Solid waste sanitary landfills are sites where waste is isolated from the environment. For most landfills, a deep trench with a depth of 3-5m is excavated and used as a dumpsite for wastes. It is then compressed with specialized equipment so that microorganisms can act on the organic matter and degrade wastes. It is also covered with layers of clay and topsoil to prevent foul smell, air contamination, and pests.
Mismanaged wastes and improper disposal can contribute additional threats to the environment. In the long-term, these solid wastes can leak and pollute groundwater and other neighboring environmental habitats and give off potentially unsafe gases, making waste management very difficult. To prevent this from occurring, businesses should establish proper waste management practices and conduct regular inspections to catch issues at an early stage.
A solid waste management system helps ensure solid wastes are properly handled, managed, and disposed of to protect the environment and secure public health. It is used in minimizing the amount of solid waste produced and improves the efficiency of managing solid waste. The following procedure will help in building a good foundation for a solid waste management program.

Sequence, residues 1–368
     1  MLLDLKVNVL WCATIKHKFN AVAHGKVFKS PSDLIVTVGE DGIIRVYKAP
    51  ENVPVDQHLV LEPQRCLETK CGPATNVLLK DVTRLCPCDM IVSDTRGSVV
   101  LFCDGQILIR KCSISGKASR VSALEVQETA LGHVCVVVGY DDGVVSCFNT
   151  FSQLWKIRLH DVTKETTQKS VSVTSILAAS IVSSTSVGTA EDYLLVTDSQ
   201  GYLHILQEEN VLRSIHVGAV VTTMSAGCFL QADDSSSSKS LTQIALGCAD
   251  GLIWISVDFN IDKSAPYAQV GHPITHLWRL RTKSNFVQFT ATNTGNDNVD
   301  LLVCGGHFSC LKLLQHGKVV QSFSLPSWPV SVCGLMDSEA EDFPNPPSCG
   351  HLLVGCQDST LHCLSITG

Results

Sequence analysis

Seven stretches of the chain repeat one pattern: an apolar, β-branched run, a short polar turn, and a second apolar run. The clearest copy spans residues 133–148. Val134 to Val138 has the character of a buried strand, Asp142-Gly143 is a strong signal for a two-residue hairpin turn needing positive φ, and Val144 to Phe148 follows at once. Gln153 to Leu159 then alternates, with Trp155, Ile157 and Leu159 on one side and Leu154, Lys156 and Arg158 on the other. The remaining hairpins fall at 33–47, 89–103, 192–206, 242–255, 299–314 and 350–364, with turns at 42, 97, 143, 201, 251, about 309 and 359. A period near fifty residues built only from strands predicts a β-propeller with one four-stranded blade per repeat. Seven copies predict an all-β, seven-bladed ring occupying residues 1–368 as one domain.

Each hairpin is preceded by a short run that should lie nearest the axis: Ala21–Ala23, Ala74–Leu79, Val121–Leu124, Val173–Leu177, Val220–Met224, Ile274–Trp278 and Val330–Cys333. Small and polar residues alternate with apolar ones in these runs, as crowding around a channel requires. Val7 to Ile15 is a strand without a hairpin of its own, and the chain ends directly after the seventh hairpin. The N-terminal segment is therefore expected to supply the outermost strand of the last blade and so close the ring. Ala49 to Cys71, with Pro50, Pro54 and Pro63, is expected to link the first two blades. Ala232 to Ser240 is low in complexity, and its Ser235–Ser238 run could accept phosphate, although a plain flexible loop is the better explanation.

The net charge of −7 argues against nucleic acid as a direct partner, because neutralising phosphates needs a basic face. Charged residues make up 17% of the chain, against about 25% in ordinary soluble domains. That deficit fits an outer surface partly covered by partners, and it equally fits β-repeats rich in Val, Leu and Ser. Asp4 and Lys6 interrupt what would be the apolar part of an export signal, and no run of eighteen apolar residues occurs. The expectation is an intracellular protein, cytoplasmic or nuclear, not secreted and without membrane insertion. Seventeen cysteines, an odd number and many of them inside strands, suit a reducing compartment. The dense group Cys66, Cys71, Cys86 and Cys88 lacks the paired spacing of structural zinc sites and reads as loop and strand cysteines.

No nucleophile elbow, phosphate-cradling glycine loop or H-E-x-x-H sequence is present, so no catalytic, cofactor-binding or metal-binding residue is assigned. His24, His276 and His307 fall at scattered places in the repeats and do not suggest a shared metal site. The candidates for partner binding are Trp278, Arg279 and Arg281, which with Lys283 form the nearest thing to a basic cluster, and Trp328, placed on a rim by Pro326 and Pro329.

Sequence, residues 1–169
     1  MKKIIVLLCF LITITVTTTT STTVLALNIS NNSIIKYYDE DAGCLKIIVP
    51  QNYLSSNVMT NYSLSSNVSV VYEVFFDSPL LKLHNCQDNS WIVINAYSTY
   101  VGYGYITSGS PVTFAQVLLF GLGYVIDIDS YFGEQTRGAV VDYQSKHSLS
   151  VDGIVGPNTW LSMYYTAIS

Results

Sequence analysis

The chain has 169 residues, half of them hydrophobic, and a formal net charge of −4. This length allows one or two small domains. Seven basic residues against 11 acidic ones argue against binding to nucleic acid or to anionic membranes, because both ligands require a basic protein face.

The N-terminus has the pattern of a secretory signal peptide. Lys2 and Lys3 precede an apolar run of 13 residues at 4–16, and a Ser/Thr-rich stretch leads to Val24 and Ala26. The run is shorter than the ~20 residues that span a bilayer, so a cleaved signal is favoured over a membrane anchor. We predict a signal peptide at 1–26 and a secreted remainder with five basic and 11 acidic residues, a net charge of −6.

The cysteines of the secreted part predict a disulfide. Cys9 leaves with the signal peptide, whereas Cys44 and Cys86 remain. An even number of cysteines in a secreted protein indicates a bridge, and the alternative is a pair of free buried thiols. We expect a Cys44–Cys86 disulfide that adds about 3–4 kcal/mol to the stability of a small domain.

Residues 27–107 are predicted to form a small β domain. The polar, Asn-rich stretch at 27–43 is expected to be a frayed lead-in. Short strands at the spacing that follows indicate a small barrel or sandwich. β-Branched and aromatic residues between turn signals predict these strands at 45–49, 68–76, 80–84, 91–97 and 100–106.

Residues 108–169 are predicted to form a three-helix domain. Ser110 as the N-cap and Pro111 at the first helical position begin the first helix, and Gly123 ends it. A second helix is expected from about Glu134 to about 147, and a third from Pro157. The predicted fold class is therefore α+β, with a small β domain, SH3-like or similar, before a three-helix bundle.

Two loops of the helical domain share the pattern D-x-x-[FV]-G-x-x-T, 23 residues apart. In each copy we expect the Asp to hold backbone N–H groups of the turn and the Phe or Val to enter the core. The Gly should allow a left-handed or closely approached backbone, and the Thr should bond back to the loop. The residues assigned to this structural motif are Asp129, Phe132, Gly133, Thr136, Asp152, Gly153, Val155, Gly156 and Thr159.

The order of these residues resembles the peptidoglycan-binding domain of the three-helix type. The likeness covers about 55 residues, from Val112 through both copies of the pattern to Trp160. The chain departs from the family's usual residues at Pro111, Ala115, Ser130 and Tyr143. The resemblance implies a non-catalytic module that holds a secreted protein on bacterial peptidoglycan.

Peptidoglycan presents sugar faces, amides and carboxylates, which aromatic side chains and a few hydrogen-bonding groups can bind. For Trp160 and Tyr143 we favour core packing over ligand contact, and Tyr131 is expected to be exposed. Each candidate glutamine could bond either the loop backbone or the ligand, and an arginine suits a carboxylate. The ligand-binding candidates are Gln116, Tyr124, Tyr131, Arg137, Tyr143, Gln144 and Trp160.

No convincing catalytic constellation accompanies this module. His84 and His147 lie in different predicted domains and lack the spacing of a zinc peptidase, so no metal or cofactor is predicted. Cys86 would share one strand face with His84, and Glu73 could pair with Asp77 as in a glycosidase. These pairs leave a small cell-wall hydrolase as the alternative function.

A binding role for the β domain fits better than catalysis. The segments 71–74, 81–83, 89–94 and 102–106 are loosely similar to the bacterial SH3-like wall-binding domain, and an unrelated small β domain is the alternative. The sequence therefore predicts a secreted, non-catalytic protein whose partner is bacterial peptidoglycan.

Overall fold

- Conduct a survey
Review the existing solid waste management processes and determine lapses and improvement needs. Identify development needs including budget, estimated waste composition, current diversion, and waste generation.
- Design a new solid waste management program